Weekend with Wheat Bread

One of the things my wife and I miss most about France (other than family… well most of the family) is the bread.  This weekend I want to share my artisan bread recipe with you… something that I have been working on for almost 10 years…   This might bore some of you…  and this is definitely not that same as last weeks “diamond mining“… hopefully someone will find this useful… maybe even follow the recipe  (if not I will probably say stupid things and have pictures… and you can just enjoy that part)

Before I write the recipe and process… (yes there is going to be a long complicated process… but not as bad as the raclette cheese making  “how to”…I shared earlier) I want to offer some back story…

bread-wheatBerries.jpgFirst of all…  the title “wheat bread”…  not sure it means the same to everyone reading this…   (Several years back… I got laughed at in England when I was asked what kind of bread I preferred for my toast and I said “wheat”…   Of course they thought I was joking… and I had no idea that it was called “brown” bread there.)  This bread is made with freshly ground whole wheat flour… not the overly processed flour you buy in the store.  Here is how this all got started… Once upon a time…a co-worker told me about a fantastic “wheat” sale. Logic dictated that I act… I hurried off from work and bought around 20 – 5 gallon buckets of wheat… (All justified to my wife with the preparing for the end of the world excuse…  ) By the way… 20 buckets… is a lot of wheat

 

bread-hardway

Of course if you have wheat you must have a wheat grinder… so I bought a hand one…  Thought I could workout as I made bread… (and during the end of the world… no power… so this is a no brainer)…   It is really hard work… and after making my first loaf of bread (ever)… it was frankly not worth it.  THIRTY MINUTES of grinding… (sweat dripping… heavy breathing grinding… wow that sounds inappropriate)  and after all of this work… the bread was hard, dense and heavy… kind of like a wheat rock.. and well not very good tasting.  Something had to change…  or the wheat would just have to sit in the basement taking up space…(Probably not a good option if I want to keep my wife happy)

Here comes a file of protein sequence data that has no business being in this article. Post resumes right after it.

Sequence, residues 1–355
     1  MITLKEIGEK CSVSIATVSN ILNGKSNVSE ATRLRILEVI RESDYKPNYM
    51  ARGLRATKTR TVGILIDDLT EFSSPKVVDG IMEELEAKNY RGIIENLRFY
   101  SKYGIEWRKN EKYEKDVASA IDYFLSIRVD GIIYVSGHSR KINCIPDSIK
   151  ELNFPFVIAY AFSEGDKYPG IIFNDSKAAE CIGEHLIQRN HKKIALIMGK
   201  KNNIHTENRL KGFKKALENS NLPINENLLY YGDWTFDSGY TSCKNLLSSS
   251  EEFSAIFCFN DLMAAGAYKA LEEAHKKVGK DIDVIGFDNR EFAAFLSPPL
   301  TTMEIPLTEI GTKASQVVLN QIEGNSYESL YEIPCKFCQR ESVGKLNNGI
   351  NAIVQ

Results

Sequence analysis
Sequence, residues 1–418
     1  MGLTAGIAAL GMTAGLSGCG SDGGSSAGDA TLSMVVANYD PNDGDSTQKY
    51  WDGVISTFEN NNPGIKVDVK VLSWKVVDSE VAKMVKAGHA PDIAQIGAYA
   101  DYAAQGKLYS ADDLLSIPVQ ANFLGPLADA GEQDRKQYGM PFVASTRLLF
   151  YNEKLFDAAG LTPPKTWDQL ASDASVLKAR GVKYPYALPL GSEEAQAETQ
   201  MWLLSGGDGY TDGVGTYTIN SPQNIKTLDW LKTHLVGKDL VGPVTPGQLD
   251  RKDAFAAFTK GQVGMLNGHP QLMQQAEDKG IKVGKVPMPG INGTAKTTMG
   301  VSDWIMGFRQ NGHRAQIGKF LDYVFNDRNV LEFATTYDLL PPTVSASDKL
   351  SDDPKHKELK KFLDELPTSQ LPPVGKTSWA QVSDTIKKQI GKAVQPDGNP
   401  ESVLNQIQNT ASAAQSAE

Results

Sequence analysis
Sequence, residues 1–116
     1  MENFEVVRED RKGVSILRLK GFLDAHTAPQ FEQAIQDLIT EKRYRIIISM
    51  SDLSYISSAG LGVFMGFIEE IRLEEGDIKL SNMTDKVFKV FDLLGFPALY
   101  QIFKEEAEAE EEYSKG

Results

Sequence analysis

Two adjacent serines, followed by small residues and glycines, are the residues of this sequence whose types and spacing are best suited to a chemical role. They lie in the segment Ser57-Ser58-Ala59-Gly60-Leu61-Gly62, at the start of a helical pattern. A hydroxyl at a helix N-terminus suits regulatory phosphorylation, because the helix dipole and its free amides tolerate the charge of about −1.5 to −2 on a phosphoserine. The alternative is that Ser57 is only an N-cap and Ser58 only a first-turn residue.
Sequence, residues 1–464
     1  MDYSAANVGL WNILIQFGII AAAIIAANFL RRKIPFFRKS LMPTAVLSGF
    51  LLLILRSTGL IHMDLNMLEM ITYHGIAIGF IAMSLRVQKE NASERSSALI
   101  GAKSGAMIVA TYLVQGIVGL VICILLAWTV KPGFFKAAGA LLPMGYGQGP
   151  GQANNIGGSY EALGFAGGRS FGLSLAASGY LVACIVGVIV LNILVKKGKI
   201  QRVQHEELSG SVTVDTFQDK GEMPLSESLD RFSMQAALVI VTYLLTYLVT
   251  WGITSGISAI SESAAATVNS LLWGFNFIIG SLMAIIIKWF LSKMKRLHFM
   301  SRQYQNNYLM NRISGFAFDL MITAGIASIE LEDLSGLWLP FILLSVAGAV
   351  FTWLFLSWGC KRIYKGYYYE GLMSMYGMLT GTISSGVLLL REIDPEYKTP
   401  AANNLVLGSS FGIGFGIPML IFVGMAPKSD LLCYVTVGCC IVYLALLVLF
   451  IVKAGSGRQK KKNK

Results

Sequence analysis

First fix…  the lazy side of me told me to sneak back to the store (my wife is so patient) and buy an electric wheat mill…(leave the hand one new and ready for the apocalypse).   They are expensive but a must have… I got a Nutrimill by L’Equip and love it.  You can see the ground flour… ground at the miracle (when compared to previous hand milling) 5 cups per minute…  (very noisy minutes)

Second fix…  You know your first loaf of bread is bad when a neighbor comes over and says… wow that is really heavy… can you eat it?   I had to find a recipe… preferably an old artisanal recipe…  one with limited ingredients (in France often bread is just flour, water yeast and salt)… I started off on a quest… beginning with  if it is a world meltdown… zombie or what ever… where would I get the yeast???

If this interests you… click continue reading… other wise leave me a comment and only say nice things… (if you are really lazy.. just hit like… still helps my ego)

 

bread-starter.jpg

Let’s start with the yeast… I wanted to “harvest”… “capture”…  “wrangle”…  my own yeast. (Probably cultivate is the right word… but that sounds so… uptight).  I had no idea when beginning this how important this would be… both for texture and taste.  Yeast occurs naturally if you search there is a million (maybe an exaggeration) ways to cultivate it.  I didn’t like the sound of “sour dough starter” since I didn’t want a “sour dough” bread… but that was the answer.   It is really easy to make and I have had this starter for almost 9 years.  Here  is the steps for creating this.

 

Sourdough Starter

Ingredients

  • 2 cups of whole wheat flour (freshly ground if possible)
  • 2 cups of room temperature water (I used potato water… but you don’t need to)

Steps:

  • Mix together and let sit for 12 hours
  • Feed mix (I remove one cup… throw away until ready… add 1 cup of water and flour then stir)
  • Repeat this for the next week (morning night)
  • You should start to see bubbles after a week….
  • Once a week has passed do this process once a day for the next week
  • Now things have got to be bubbly.. (if not check home for unhealthy levels of radiation)

bread-starterBlubbly

  • Feed now once a week  and keep it in the fridge between feedings.  You will remove about a cup… *use in bread… (hint…I let it sit out of the fridge overnight when I feed it… want it happy and bubbly again…).
  • If you miss weeks it shouldn’t matter but don’t miss too many weeks…  ( I have let this sit for up to a month and it was still fine...)
  • After the initial 4 weeks it will be ready… and it only gets better with time.

Now for the Bread!!!

I initially started my quest in France asking as many “boulanger” as I could… (they are kind of tight lipped with their secrets.)   One kind man (yes they do exist in France) told me he did it the old way… Explained his steps including the “fermentation” over night…  and the importance of water/flour ratio…  He is the inception point for this recipe…  and I have adjusted and experimented (including some horrible failures) with this recipe and here is where it landed.   This should work for everyone…

BREAD RECIPE

Ingredients:

  • 600 grams of whole wheat flour
  • 1 cup (about) sour dough starter
  • 12 grams of salt
  • 400-500 ml of water
  • 1 tsp of malt vinegar